Guest Bloggers

What Are the Most Common Retirement Questions You Receive about Social Security?

April 6, 2017 • By

Last Updated: April 6, 2017

Suze OrmanThere are two big questions I hear plenty.

  1. My husband wants to retire at 62 and start taking Social Security. Is that okay?

This typically comes up because husbands are often a few years older than their wives, and figure they want to “get their money’s worth” by taking Social Security as early as possible. I think that can be a bad move. Unless you have oodles of money to live on in retirement, you — as a couple — want to maximize your Social Security payout for the longest surviving spouse. It’s important to understand that when one spouse dies, the other spouse is entitled to just one Social Security payment. So you want the surviving spouse to have the biggest possible benefit. Here’s how: Whichever spouse is the higher earner (and thus eligible for a bigger Social Security benefit) should  delay taking Social Security at least until their Full Retirement Age (FRA), which is between age 66 and 67, depending on the year you were born.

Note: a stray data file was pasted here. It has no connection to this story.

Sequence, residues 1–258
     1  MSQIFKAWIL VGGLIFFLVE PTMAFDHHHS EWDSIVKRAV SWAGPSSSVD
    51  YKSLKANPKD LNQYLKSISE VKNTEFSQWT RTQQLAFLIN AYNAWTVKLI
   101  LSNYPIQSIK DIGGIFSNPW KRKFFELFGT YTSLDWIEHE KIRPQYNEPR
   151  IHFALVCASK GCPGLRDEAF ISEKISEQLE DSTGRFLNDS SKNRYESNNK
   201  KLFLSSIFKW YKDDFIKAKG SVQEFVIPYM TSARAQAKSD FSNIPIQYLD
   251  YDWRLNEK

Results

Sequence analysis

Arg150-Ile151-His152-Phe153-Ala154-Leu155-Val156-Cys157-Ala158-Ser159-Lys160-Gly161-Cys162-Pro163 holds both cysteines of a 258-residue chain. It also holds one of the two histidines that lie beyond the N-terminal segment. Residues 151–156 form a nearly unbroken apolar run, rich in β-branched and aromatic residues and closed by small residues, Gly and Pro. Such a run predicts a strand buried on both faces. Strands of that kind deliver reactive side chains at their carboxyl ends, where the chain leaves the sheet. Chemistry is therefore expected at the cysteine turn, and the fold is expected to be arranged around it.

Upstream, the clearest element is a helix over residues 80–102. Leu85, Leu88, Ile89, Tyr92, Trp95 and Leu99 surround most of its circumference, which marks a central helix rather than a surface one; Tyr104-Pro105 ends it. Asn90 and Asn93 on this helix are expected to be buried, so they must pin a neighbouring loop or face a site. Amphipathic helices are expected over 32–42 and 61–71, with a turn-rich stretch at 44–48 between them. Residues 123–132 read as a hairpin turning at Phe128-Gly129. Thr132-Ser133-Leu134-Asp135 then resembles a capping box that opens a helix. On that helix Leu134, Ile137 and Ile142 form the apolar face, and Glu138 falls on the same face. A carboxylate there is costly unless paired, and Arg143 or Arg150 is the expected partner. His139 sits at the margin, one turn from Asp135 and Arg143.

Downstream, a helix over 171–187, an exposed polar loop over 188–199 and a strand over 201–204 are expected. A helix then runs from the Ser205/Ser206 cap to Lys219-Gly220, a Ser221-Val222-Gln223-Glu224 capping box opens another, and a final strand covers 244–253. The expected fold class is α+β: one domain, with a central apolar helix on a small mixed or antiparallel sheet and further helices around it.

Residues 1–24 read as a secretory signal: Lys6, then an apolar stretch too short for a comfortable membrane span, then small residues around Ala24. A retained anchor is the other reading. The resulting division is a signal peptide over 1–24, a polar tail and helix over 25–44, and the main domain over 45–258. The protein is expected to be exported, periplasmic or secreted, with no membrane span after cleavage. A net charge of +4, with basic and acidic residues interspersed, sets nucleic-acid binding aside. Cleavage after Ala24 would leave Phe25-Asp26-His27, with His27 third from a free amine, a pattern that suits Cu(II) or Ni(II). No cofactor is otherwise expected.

Your FRA benefit is 25 to 30 percent higher than the benefit you can get at age 62. Even better is to have the high earner wait all the way until age 70. The benefit if you start then is more than 65 percent higher than the benefit you are entitled to at age 62. While the high-earner should wait as long as possible, the other spouse can start earlier, but I always encourage both spouses to delay as long as possible.

  1. I am getting divorced and haven’t worked full time. Am I going to be able to get Social Security?

If you were married at least 10 years you will be eligible for Social Security based on your ex-spouse’s earnings record. Your receiving a benefit will have no impact on the benefit your ex is eligible for.